Celebrate Responsibly, Save A Life

The holiday season is a time to gather with family and friends, reminiscing about the year gone by, and also looking forward to a brand new year on the horizon. While enjoying this special time, it is imperative that it is done responsibly.
 
December is National Drunk and Drugged Driving Prevention Month. The month of December was chosen specifically because of the egregious number of drunk-driving fatalities that occur between Thanksgiving and the New Year.
 
According to the National Highway Traffic Safety Administration (NHTSA), in the past five years, an average of 300 people have died in drunk-driving crashes from Christmas to the New Year. In fact, 2016 was an especially dangerous year with 781 drunk-driving related deaths in December alone. The numbers are shocking, and the conclusion is simple - driving while intoxicated (DWI) is no accident.
 
DRIVE SOBER OR GET PULLED OVER
 
Between December 13 and 31, the NHTSA is running its annual Drive Sober or Get Pulled Over campaign to highlight the devastating effects of drunk driving and reiterate the consequences if you are pulled over while under the influence of alcohol or a controlled substance. Traditionally, law enforcement agencies across the state participate, setting up extra patrols and checkpoints to catch offenders and maintain safety on roadways.

Drivers who are pulled over while under the influence of drugs or alcohol face serious punishments. The average individual spends $10,000 in attorney’s fees, fines and other expenses related to a DWI, along with the possible threat of incarceration, especially for repeat offenders. If you decide to imbibe alcohol while celebrating, use the resources available to you or choose to drive sober. With designated drivers, public transportation or ride-sharing services available, there is simply no excuse.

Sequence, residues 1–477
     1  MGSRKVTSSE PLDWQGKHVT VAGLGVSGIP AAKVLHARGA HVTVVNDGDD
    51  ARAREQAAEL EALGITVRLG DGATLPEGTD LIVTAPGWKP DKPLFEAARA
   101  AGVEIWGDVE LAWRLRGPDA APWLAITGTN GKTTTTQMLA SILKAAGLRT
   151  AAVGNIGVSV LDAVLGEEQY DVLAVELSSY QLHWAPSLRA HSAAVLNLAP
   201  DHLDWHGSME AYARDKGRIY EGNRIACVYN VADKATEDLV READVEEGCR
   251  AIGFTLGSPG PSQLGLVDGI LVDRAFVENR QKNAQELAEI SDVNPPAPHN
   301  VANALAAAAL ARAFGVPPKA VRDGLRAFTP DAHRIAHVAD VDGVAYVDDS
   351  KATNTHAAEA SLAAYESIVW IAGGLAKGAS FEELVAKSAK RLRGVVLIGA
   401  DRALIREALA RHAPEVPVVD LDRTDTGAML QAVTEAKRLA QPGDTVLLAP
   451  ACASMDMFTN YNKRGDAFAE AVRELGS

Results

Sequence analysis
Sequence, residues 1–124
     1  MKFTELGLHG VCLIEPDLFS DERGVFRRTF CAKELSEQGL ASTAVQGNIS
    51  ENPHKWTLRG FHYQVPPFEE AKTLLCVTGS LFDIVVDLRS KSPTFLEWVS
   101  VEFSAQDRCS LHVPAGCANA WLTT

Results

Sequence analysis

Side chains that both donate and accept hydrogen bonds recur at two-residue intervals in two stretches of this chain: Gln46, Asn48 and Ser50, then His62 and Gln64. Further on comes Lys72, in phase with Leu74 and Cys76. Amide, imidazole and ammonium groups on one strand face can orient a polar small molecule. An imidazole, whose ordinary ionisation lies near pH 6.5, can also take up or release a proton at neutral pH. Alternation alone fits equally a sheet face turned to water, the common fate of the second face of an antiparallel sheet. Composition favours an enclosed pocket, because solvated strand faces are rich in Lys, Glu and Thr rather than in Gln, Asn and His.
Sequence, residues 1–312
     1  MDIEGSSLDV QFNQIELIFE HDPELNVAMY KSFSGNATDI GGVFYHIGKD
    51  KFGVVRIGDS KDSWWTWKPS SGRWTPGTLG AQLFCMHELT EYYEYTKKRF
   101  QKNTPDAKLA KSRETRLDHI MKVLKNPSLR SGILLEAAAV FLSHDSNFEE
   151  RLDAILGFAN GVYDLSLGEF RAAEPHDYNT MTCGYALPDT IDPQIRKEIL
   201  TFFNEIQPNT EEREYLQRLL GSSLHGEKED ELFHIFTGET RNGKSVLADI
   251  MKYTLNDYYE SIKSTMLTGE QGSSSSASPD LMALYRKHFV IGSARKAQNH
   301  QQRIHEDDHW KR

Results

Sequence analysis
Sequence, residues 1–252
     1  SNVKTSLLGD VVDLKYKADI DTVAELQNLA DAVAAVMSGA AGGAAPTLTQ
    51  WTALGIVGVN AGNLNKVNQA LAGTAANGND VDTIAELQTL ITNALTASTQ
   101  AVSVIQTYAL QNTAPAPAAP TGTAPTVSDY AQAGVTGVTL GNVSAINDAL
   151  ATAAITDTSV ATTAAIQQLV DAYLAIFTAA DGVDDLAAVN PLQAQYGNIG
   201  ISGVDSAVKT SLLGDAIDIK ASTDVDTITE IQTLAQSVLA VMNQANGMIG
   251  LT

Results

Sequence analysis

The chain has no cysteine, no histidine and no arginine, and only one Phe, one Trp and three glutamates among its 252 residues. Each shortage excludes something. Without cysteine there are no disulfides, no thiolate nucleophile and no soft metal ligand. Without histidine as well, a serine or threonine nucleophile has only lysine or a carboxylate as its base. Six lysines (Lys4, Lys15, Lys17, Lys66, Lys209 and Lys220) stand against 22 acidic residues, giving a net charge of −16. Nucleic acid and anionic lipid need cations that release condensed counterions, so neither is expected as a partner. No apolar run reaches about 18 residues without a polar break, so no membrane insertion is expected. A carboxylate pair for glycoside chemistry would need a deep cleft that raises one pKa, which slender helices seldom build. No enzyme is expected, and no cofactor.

PROTECTING THE PEOPLE OF NEW YORK
 
We can do more to hold individuals who make the choice to drive while impaired and put themselves and others in jeopardy accountable. I have sponsored legislation (A.6072) that would create new crimes and increase penalties for persistent offenders who have been convicted three or more times for driving while intoxicated. This bill would result in longer prison sentences and implement other restrictions that would take irresponsible drivers off the road.
 
I also support passing “Angelica’s Law,” which would make driving with five or more license suspensions a felony (A.1715). Angelica’s Law is named after Angelica Nappi, a 14-year-old from Long Island who was tragically killed by a driver with seven license suspensions. Stronger penalties must be imposed on all repeat offenders in order to better protect innocent drivers on our roads and prevent senseless tragedies.
 
I encourage everyone to make the right choice while enjoying the holidays, and to pledge, not only during this time of year, to always drive sober.   
 
What do you think? I want to hear from you. Send me your feedback, suggestions and ideas regarding this or any other issue facing New York State. You can always contact my district office at (315) 781-2030, email me at kolbb@nyassembly.gov, find me by searching for Assemblyman Brian Kolb on Facebook and follow me on Twitter.

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